y(t) = p1 cos t + p2 sin t
and gives the single solution y = 0 when the boundary conditions are applied.
Example 3
d2 y
y 2 = 0, with initial conditions y(0) = 0, y(0) = 0
dt2
This problem is nonlinear, so the ert method does not apply we dont get a characteristic polynomial.
Although this problem cant be solved analytically, we can crack it using a numerical method such as
Runge-Cutta. Another approach is to use the chain rule on the original equation and then solve by
separating variables:
dv
d
dv dy
dv
d2 y
=
= (v) =
vv
y2 = 0
2
dt
dt
dy dt
dy
dy
| {z }
chain rule
Example 4

dy
+y =0
dx
Here we have an equation that is not linear and does not have constant coefficients.
y

Example 5

d2 x
dx
+t
x=0
2
dt
dt
While this equation is linear, it doesnt have constant coefficients.
2

3.3

Difference Equations/Discrete Models

We will start our look at difference equations with a Markov process example. While the Markov process
is probability-based, here we will apply it to a deterministic problem.
Application (Model) Assume there are two populations of a bird species: one group on the mainland,
another group on a large, nearby island. You note that, due to migration, 10% of the birds that live on
the mainland will fly to the island each year. You also determine that 20% of the island population will
fly to the mainland at the same time as the mainland-to-island migration occurs. This is a two-component
example of a much more complicated tracking problem. Such problems are considered discrete because
the sampling is based on a fixed time interval, like the U.S. census, and the objects involved (birds for our
example and people for the census) are discrete. We will now set up the system and see how to approach
such a problem.
Let xn be the number of birds on the mainland at year n. Let yn be the number of birds on the island
at year n. x0 and y0 will represent the starting populations of the two bird groups (initial conditions). We

3.4. LINEAR ALGEBRA REVIEW

27

will assume that the populations are stable that is, birth and death do not occur so there are no source
or sink terms. Here are the equations for year one:
x1 = 0.9x0 + 0.2y0
y1 = 0.1x0 + 0.8y0
Note that the entries are positive because they are population states. Also note that the new population
states are based on the previous population states. We can express the population in a given year in terms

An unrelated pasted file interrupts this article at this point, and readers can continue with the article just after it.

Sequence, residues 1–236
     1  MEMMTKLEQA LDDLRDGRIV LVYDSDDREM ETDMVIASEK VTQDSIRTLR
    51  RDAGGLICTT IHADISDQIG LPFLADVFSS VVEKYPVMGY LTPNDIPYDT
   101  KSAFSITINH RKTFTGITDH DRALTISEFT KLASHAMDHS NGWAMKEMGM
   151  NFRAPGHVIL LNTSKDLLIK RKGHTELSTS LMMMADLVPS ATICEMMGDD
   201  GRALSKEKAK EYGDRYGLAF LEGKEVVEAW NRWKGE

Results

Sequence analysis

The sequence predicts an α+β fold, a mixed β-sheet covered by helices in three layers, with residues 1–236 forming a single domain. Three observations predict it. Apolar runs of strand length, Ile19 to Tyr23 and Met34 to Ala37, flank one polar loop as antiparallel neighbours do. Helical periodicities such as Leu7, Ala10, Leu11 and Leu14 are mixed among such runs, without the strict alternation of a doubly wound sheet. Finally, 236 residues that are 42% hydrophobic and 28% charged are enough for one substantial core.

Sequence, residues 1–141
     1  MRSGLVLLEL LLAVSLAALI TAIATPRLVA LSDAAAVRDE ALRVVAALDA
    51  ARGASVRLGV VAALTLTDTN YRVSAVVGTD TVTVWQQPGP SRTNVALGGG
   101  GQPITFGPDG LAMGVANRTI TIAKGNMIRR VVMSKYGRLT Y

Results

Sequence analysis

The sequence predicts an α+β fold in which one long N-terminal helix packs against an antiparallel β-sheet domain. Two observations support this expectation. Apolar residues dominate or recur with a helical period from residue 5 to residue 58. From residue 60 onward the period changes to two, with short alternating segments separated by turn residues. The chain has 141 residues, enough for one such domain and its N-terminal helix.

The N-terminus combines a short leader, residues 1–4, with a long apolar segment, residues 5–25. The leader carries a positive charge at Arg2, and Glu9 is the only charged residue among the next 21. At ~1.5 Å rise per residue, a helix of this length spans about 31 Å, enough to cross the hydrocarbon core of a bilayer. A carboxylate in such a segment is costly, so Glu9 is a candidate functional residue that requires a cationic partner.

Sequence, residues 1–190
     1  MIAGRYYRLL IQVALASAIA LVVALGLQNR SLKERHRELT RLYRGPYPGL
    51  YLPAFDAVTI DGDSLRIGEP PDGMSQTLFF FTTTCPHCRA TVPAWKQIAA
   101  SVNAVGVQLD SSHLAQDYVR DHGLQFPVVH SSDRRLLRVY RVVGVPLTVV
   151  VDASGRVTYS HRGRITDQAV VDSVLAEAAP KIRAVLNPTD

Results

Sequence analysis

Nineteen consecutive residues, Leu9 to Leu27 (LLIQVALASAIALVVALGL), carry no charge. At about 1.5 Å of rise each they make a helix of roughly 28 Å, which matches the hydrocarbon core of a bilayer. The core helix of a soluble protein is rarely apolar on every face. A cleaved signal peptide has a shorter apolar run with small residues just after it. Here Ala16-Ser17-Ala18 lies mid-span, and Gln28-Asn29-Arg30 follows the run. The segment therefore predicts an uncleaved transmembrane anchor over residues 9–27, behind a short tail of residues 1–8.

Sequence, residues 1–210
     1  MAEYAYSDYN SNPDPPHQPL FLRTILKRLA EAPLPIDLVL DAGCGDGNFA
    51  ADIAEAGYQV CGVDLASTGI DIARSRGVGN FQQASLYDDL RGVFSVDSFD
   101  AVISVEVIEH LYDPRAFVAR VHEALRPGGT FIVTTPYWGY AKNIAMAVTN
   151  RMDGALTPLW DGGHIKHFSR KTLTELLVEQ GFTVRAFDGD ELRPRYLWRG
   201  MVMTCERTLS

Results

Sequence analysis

of a vector:




x0
xn
, ~v0 =
~vn =
y0
yn

and can express the problem in terms of a matrix-vector multiplication:




0.9 0.2
~v1 = A~vn , where A =
0.1 0.8

Using this matrix notation, we can express the population for any year as ~vn+1 = A~vn . Now unroll:
A~vn = A(A~vn1 )
| {z }
~vn

Unroll again:

= A(A(A~vn2 )))
= A3~vn2
= A4~vn3

More generally, A~vn = An+1~v0 . This is an unrolled recursion relation, which is helpful since it effectively
provides a solution to the problem. Now we need a formula for

k
0.9 0.2
k
A =
0.1 0.8
We could have a computer calculate a matrix to a power, but that doesnt help us if we are trying to
determine whether there is a stable population ratio in other words, what happens to the population of
the mainland and island birds in the limit?
lim Ak~v0 = ?

Is there extinction of the species on the mainland or on the island? Before answering this question, a
review of linear algebra is in order since linear algebra provides some useful tools to solve difference and
differential equations.

3.4

Linear Algebra Review

Our review begins with a look at some linear algebra notation. A vector can be declared as

x1


~x = xi i=1,n = ... ; x n
xn

28

CHAPTER 3. DYNAMIC MODELS, AN INTRODUCTION

A matrix A (and we will typically deal with square matrices) is defined by

a11 ain



nxn
. . ..
A = ai,j i,j=1,n = ...
; A
. .
an1 ann
Multiplying a matrix by a vector gives a vector:

x1
a11

.. =
A~x =

..
.

.
xn
ann

a11 x1 + a12 x2 + + a1n xn

..

.
an1 x1 + an2 x2 + + ann xn

Multiplying two matrices together produces another matrix; this operation is treated as dot products of
rows against columns. In other words, element (1,1) in a product matrix is the dot product of the row 1
elements of the first matrix times the corresponding 1st column elements of the second matrix:





element
in
row
1,
col
1
AB = C row 1 l col 1
=

Example: You can rewrite a system of equations as a matrix system and solve using Gauss-Jordan
elimination, as we have seen previously.
   



4
x
2 1
2x + y = 4
=

7
y
1 4
x + 4y = 7
Solving this system gives x = 1, y = 2.

3.4.1

Matrix Theory Elements

In this course, eigenvalues and eigenvectors will be our most important tools from the world of linear
algebra. With that in mind, let us consider an nxn matrix A. We will denote the determinant of A by
detA or |A| and define it as
X
|A| =
aij aij
i

We will say that ~x

(x is a vector) and are an eigenvector, eigenvalue pair if, for x 6= 0,


A~
= ~x}
| x {z
1 equation, 2 unknowns

What does this mean? It is a transformation of the vector; the vector is rotated in space and stretched or
shrunk. If the eigenvectors are only scaled and do not undergo a direction change, then they are considered
invariant and we can say that x is a fixed direction under A. From this information we obtain
A~x ~x = 0; 0 = A~x ~x = (A I)~x

3.4. LINEAR ALGEBRA REVIEW

29

Where I is the identity matrix. This tells us that


(A I)~x = ~0, ~x nullspace of A I, A I singular
We know from linear algebra that
det(A I) = 0
If we expand det(A I) as a polynomial in , we obtain the characteristic polynomial. This is the same
characteristic polynomial you may remember from your ODE course, just a different notation:
cn n + cn1 n1 + c0 = 0
If we solve this polynomial, we will get a set of n roots 1 , 2 , n . To find the eigenvector that corresponds
to k we compute (A k I) and solve (A k I)~x = ~0. Any ~x that satisfies this equation is an acceptable